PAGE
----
Okay, so what can a professional service do?

If we leave physical repairs out of the equation, a professional data recovery service has to perform the same balancing act: The get the data we need to read the drive, but reading it stresses the already unstable drive. So ultimate goal is to get the data while stressing the drive as little as possible so it survives for at least the duration of the recovery. And by recovery I basically mean the drive imaging / cloning process. As soon as we have that more than half the battle is won!

Machines!

Some times data recovery machines come as sexy little units ..

Some times data recovery machines come as sexy little units ..

The solution data recovery services and labs use are hardware based. Unfortunately this is without exception expensive equipment often requiring yearly license fees. The idea is to use hardware that:

  • Isolates the drive from the OS (to prevent destructive mounting and reads)
  • Allows monitoring of drive behavior (Speed alone can be very telling but also error/response codes)
  • And allows disk access parameters to be tweaked (By specifying time-outs prevent drive from doing error recovery)
  • Automatic software/hardware resets or power cycling based on certain events
  • Even more advanced hardware even allows manipulation of the firmware of drives (stop self scanning for example)

And experience ..

This hardware can be controlled by software. Some times the sole purpose of the hardware/software is strictly isolating, monitoring and adjusting disk access while additional software is used to create the disk image. Other tools even offer integrated drive imaging and logical data recovery.

But it’s mainly the ability to monitor and adjust drive behavior and prevent the drive from self destructing.

Something as simple as automatically powering down a drive when idle for more than a few seconds can make a world of difference: An idle drive will start doing maintenance, something you do not want an unstable drive to do. These are measures, seemingly simple, that will increase the chances the drive stays alive and will give us the data.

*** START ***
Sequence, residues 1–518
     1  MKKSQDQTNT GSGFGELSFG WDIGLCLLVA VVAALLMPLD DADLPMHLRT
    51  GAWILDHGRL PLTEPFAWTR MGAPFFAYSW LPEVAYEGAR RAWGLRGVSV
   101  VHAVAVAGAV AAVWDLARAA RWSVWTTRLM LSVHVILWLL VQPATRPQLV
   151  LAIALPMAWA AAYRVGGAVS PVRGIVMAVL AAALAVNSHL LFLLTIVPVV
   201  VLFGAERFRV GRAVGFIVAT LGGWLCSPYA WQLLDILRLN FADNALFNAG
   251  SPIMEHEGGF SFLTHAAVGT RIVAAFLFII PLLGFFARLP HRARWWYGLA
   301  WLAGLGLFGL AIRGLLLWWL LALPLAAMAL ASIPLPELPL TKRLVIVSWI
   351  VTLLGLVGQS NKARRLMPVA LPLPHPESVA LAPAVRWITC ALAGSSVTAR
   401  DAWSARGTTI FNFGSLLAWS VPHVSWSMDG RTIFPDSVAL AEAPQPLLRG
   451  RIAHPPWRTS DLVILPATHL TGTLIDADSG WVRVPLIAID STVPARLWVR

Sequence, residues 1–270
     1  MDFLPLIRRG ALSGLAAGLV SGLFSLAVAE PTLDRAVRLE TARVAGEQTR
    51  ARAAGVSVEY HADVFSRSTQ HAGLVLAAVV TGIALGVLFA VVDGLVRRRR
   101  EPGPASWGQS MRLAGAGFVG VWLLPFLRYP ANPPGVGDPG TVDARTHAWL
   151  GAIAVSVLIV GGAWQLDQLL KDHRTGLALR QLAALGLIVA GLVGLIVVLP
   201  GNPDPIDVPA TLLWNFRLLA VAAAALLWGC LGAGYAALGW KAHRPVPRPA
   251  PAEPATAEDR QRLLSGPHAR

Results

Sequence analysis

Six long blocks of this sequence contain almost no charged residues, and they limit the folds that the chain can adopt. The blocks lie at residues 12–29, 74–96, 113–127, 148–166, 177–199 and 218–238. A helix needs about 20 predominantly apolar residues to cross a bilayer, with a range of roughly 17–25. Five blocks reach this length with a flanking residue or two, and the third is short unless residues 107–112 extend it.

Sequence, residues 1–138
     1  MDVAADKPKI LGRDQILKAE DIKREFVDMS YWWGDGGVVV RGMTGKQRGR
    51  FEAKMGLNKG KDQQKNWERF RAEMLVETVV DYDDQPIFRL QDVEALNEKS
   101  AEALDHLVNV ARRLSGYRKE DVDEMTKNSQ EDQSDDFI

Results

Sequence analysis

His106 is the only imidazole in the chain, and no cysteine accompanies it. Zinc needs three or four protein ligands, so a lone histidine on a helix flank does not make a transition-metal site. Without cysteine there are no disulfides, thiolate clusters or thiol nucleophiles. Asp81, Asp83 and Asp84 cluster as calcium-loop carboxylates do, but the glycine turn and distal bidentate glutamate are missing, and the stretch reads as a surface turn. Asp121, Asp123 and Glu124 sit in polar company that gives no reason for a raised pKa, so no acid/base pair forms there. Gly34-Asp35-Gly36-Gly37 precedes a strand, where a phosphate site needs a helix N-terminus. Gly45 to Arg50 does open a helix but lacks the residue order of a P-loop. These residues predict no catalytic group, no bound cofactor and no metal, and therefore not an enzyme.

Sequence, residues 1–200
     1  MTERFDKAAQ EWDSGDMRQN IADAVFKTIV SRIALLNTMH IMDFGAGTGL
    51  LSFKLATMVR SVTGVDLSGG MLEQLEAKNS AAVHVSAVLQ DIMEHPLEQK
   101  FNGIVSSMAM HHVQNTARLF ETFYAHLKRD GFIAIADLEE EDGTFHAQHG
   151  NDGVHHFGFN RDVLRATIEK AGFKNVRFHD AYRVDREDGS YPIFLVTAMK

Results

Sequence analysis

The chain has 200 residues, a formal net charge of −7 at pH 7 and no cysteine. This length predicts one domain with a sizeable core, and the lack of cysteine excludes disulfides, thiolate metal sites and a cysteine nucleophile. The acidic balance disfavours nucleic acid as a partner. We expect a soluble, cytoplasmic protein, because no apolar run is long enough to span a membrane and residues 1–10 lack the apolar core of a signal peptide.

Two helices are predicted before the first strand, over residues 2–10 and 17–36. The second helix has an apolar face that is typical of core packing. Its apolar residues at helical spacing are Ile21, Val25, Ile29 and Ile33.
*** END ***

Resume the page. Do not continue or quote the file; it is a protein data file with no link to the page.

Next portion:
Experience comes into play when interpreting drive behavior determining how to tweak the different parameters. But by tweaking for example read time-outs alone, stress on a drive and time needed to image can be reduced dramatically (4 hours to image the drive rather than 20 greatly improves the chances the drive unstable will survive).  What kind of reset to use if an unrecoverable error occurs? A software reset is less stressful than a power cycle in many cases. However certain drives go into a sort of panic mode that will not process software resets and the only way to pull them out is a power cycle.

DiskTuna Data Recovery Service

I offer a photo repair service for quite a while now. Frequently people send me photos that are the ‘product’ of file recovery attempts. Most times recovery is performed using end user file recovery software but by sometimes data recovery services too. If a file is incorrectly recovered it will be corrupt because it simply hasn’t got all photo data or even none at all. In such cases the only thing that makes sense to go back to the source and try recovering the files intact.

So occasionally I allowed for people to send memory cards to me so I could try recovering them. Issues vary from severely corrupt file systems (data level issues) but sometimes it was a struggle to even get a card to read (disk level issues). When I considered offering a photo and memory card data recovery service I knew I needed something that would:

  • Allow me to to a degree guarantee that I would never write to the patient drive
  • Prevent Windows from freezing when confronted with patient (Windows is my main OS)
  • Allow me to work with unstable drives at least. At this point I have no desire yet to do chip-off recovery though I may very well expand into that direction in the future

DeepSpar data recovery hardware

So, people who send in their memory cards for recovery can be certain every precaution is taken to reduce risk of further damage and to achieve best possible results. Creating a drive image is always the vital first step in the data recovery process. Using special data recovery hardware will also allow me to process cards that can not be using software alone.